This Day in History: January 22nd- Hanging Claudius

Today in History: January 22, 1779

nooseOn January 22, 1779, notorious Tory outlaw Claudius Smith, who had plundered and terrorized the people of New York during the Revolutionary War, was executed on a makeshift gallows in Goshen, New York. Since his mother had long suspected he’d meet such an end and “die with his boots on”, he supposedly kicked off his shoes before he was strung up.

In the early days of the Revolutionary War, the areas around present day New York City, the Hudson River, and Orange County were considered somewhat neutral zones. The British army was camped out in NYC, and General Washington’s troops were spread out along the Hudson.

But neutral hardly meant safe, as the area was rife with ruthless bands of marauders called “Cowboys” and “Skinners.” The Cowboys were mainly Tories, loyal to the British crown, who plundered the locals of their livestock and valuables. The Skinners generally professed themselves to be Patriots, but they were known to rob friend and foe indiscriminately.

The common folk living in the area couldn’t win. No matter which side you swore loyalty to, you were bound to get robbed – or worse. No-one’s property was safe, and traveling alone was an act of rank insanity.

Contemporary historian Joshua Hett Smith left an account of the horrifying conditions the locals lived under during that time:

No one slept safely in his bed. Many families hid themselves at night in barns, wheat-ricks, corn-cribs, and stacks of hay; and on each returning day, blessed their good fortune that their houses had escaped the flames. The composition of these predatory gangs of Cowboys was loose, including confirmed Tories, British deserters, runaway slaves, and Indians; their number was indeterminate; and their tastes in thievery were undiscriminating.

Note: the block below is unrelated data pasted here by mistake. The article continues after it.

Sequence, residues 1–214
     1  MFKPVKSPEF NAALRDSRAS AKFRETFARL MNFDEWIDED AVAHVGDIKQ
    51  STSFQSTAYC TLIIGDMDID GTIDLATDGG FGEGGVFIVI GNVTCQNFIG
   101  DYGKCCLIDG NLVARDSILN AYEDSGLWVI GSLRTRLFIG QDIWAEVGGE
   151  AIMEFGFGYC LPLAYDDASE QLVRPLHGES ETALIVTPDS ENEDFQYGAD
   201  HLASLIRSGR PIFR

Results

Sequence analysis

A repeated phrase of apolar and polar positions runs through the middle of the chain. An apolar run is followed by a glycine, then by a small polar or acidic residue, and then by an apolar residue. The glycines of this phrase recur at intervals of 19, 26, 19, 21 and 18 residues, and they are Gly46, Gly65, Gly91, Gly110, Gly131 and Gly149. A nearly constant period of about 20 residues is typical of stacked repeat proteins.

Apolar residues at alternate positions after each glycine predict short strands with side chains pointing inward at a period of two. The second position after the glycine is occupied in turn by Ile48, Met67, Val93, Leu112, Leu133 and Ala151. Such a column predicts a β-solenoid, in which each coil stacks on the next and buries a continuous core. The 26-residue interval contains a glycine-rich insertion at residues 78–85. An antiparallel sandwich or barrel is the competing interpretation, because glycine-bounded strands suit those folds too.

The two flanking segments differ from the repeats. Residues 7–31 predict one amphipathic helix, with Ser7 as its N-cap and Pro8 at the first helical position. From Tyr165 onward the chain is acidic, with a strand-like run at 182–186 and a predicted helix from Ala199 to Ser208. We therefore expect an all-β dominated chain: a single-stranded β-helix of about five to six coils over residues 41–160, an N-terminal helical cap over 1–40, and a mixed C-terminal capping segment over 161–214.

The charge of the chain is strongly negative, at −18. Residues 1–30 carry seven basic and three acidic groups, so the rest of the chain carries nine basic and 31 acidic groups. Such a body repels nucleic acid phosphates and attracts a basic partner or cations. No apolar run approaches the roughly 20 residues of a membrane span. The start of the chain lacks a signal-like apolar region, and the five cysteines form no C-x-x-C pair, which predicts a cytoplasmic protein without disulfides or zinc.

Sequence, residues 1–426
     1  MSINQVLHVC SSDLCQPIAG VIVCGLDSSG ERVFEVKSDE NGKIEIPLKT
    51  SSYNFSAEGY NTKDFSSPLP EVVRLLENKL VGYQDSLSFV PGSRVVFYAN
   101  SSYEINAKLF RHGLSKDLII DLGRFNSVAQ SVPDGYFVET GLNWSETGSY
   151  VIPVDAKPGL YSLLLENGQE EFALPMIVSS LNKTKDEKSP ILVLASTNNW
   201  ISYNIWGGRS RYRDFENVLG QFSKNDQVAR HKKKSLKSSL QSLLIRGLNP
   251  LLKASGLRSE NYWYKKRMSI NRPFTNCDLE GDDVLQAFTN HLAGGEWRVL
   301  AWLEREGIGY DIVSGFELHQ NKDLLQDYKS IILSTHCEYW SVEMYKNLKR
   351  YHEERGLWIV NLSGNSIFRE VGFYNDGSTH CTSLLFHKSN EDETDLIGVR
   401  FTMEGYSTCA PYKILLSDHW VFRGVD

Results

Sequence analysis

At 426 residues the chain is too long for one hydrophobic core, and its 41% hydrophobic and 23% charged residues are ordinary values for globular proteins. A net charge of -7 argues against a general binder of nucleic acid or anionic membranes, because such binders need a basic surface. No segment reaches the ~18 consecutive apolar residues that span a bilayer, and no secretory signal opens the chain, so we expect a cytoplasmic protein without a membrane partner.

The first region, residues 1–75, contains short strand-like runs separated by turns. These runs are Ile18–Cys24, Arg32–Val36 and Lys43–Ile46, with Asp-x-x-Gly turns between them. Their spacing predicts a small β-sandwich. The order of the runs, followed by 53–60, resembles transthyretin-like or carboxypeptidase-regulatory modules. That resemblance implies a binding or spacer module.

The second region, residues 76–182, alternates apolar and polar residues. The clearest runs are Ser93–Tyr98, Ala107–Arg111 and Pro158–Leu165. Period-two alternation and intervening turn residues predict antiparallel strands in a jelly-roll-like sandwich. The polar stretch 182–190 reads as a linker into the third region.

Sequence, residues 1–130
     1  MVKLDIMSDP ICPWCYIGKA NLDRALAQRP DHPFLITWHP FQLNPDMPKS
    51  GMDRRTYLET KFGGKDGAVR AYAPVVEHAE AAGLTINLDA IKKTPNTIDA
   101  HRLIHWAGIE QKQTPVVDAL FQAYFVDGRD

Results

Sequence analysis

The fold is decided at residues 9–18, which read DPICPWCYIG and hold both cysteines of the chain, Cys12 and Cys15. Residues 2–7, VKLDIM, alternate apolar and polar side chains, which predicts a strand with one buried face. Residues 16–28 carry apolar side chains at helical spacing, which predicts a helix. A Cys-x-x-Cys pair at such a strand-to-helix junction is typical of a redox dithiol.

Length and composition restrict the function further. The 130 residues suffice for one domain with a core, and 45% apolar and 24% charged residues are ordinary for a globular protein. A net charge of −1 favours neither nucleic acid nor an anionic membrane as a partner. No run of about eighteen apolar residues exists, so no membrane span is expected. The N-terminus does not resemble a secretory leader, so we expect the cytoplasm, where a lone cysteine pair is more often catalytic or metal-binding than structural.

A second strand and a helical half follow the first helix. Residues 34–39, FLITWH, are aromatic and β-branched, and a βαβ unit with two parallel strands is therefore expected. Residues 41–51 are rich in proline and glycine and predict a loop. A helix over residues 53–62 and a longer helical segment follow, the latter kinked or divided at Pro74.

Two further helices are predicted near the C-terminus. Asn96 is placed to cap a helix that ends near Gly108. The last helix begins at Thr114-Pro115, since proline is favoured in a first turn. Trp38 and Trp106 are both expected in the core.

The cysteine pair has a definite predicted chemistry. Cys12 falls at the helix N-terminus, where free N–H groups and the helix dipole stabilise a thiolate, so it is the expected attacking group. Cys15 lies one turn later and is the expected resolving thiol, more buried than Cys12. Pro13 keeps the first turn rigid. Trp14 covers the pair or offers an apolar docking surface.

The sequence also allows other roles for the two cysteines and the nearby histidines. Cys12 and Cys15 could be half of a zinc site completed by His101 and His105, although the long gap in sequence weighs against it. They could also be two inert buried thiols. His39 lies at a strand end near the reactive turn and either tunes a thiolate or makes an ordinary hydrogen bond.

The leader of one of the most notorious gangs of these cowboys was a Loyalist named Claudius Smith. He planned most of his schemes from caves nestled in the Ramapo Mountains, earning him the nickname “Cowboy of the Ramapos.” Stealing livestock was a favorite pastime of the marauding Smith, especially from rebel-sympathizing Whigs.

He was a little pickier than some when choosing his victims – he preferred to rob those who could afford it, and generally left the poor alone. He and his ilk caused enough mischief in the area that General Washington could not keep tabs on British General Howes’ whereabouts.

Smith managed to evade capture until members of his gang shot and killed Patriot Major Nathaniel Strong while robbing his house (it’s still unclear whether Smith was one of the shooters, or even present at the time). In any case, a warrant was put out for his arrest, and a $1,200 bounty put on his head (the wanted posters described Smith as seven feet tall). Smith made his way to British-held Long Island and was captured in October.

On January 13, he was tried and found guilty on three counts of theft. When he was sentenced to hang and was asked if he had anything to say, he allegedly replied, “No. If God Almighty can’t change your hearts, I cannot.”

On the day of his execution, Smith walked confidently to a cart where a noose hung from a tree, and bowed to those in the crowd he recognized. He scanned nearby Slate Hill, no doubt for the sight of his comrades coming to his last-minute rescue, but they were not to be found. He showed no sign of emotion as the cart was pulled from under him.

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